Imagine you’re playing a game of chess. You’ve developed you pieces well, and have a positional advantage. It seems as if victory is certain. Focusing on your plan, you quickly play what seems to be a great move, trying to further your advantage - only to realize that you left your queen hanging.
Blunders (very bad moves) like this can turn a a winning or drawn position into a losing one in a single move. To prevent this from actually happening to you, always ask yourself 4 questions before making a move:
1. Is the opponent’s king in danger?
The first question you should always ask yourself is whether your can checkmate or force checkmate in a few moves. If the answer to this question is yes, you have already won (if you have calculated correctly) and can skip the rest of the questions. Congratulations!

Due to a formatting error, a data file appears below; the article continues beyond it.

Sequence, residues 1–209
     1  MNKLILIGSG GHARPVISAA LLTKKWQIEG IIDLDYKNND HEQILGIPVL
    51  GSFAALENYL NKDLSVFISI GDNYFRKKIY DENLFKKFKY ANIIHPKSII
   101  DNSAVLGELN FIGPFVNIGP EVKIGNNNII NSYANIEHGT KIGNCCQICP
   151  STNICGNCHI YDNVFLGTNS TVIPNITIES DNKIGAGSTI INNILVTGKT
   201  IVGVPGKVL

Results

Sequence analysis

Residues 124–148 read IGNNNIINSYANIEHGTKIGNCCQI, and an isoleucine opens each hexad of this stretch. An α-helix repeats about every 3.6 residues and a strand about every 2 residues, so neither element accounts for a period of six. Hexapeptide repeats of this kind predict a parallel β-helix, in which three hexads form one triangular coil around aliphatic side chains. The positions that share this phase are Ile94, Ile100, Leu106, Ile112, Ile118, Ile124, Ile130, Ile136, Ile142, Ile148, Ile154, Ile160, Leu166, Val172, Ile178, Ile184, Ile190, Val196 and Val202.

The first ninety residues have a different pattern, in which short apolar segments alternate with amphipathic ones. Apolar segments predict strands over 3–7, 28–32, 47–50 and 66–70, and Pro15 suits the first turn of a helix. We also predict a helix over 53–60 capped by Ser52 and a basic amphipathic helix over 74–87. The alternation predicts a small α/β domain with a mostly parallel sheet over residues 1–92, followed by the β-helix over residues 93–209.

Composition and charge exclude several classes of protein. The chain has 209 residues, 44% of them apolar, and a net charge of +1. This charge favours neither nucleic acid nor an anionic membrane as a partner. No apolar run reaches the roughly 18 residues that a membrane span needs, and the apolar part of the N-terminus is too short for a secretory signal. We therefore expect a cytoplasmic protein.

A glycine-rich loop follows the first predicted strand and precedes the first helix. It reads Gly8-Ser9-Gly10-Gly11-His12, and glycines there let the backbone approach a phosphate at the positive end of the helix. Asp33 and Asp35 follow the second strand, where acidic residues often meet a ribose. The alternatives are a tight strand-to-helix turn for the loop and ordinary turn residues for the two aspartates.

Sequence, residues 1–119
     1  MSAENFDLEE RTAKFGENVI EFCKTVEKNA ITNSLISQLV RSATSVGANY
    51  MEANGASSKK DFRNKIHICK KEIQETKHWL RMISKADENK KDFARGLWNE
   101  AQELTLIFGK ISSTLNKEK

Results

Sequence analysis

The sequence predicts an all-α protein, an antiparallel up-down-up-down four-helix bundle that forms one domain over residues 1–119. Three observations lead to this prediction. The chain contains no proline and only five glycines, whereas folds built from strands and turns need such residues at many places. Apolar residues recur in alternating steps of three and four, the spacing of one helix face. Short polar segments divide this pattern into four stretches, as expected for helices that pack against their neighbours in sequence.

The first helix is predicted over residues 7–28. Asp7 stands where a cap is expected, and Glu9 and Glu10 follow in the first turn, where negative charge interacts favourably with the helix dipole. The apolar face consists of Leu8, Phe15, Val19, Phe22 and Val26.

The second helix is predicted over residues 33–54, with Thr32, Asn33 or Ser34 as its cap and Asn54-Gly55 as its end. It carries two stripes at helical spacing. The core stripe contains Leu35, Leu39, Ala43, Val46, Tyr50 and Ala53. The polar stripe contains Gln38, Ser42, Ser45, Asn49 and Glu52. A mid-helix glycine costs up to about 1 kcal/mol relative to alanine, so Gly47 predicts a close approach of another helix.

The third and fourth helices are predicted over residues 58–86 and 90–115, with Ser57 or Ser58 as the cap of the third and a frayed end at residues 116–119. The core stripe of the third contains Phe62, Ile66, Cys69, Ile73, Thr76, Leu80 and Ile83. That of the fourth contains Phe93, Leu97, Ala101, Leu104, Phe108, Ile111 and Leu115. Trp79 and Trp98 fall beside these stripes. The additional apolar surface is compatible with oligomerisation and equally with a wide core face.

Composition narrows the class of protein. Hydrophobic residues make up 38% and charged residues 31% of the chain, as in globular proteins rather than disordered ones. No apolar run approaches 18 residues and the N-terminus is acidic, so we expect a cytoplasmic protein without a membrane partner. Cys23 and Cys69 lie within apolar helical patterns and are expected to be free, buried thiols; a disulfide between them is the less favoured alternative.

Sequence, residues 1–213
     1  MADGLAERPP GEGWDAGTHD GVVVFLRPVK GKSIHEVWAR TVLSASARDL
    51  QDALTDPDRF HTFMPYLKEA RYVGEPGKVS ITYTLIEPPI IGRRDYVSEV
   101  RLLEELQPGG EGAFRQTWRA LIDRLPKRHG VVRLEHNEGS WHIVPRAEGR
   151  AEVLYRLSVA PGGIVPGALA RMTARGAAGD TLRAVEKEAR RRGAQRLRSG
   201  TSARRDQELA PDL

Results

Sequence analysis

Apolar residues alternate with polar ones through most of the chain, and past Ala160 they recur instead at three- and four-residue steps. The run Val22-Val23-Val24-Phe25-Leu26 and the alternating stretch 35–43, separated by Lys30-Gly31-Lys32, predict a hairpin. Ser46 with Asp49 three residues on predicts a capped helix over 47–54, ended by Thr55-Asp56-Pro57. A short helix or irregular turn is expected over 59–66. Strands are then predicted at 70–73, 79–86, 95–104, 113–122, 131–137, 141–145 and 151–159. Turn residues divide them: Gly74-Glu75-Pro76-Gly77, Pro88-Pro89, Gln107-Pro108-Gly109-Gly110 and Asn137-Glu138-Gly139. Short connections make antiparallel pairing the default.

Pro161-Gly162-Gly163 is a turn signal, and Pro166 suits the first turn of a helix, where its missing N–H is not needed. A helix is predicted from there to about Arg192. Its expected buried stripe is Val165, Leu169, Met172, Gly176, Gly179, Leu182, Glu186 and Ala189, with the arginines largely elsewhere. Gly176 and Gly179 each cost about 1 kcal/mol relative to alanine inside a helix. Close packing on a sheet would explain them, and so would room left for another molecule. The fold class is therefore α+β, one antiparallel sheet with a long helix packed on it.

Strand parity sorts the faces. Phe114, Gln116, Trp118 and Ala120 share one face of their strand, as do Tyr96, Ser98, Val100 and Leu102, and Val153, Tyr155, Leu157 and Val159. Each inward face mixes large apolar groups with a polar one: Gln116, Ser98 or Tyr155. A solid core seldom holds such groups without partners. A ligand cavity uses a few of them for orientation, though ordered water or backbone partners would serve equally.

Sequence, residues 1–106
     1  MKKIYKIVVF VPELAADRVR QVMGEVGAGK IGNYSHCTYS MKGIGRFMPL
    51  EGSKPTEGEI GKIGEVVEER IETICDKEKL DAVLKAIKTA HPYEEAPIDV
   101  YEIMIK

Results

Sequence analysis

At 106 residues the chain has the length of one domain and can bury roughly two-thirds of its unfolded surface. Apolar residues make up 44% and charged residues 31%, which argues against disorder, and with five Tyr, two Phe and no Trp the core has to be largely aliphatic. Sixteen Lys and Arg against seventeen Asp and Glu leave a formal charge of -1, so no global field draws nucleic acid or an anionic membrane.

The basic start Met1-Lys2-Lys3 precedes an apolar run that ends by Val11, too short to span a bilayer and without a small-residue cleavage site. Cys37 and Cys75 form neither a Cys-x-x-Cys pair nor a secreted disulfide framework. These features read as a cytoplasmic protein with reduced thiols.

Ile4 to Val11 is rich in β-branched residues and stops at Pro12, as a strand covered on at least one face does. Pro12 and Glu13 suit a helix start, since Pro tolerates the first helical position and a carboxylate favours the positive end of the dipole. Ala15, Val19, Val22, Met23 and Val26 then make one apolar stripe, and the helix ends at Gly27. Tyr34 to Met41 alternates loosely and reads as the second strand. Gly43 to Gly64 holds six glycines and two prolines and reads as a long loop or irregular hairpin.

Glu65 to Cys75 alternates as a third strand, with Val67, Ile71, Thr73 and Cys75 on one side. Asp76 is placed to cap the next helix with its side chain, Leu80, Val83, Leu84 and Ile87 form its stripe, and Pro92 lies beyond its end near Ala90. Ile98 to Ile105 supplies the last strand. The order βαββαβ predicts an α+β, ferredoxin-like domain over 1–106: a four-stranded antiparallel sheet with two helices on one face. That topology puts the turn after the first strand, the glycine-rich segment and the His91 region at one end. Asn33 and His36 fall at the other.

2. Is my king in danger?
If you weren’t able to find a way to win immediately, then you should ask if there is/will be a checkmate threat on your OWN king that you need to deal with. Even if you have a plan to force checkmate in 2 moves, going forward with it would be useless if it allows your opponent to checkmate you next move.
3. Are any of my pieces/pawns under attack and hanging/underdefended?
If neither king is at risk, your focus should be on your pieces. If any of them are undefended, defended less times they are attacked, or being attacked by a piece with less value, then you need to deal with the threat immediately. This can be done by moving the piece or by moving another piece to defend it.
4. Am I forgetting to (re)capture?
Unless there is a very specific reason to not (re)capture in an exchange (such as a sacrifice/in-between move/decoy), you should always ensure that you are winning/winning back material, unless your position prevents you from doing so.
Additionally, make sure to recapture in the best order. In the case below, recapturing with the queen first would be a huge mistake!
All Images were created on chess.com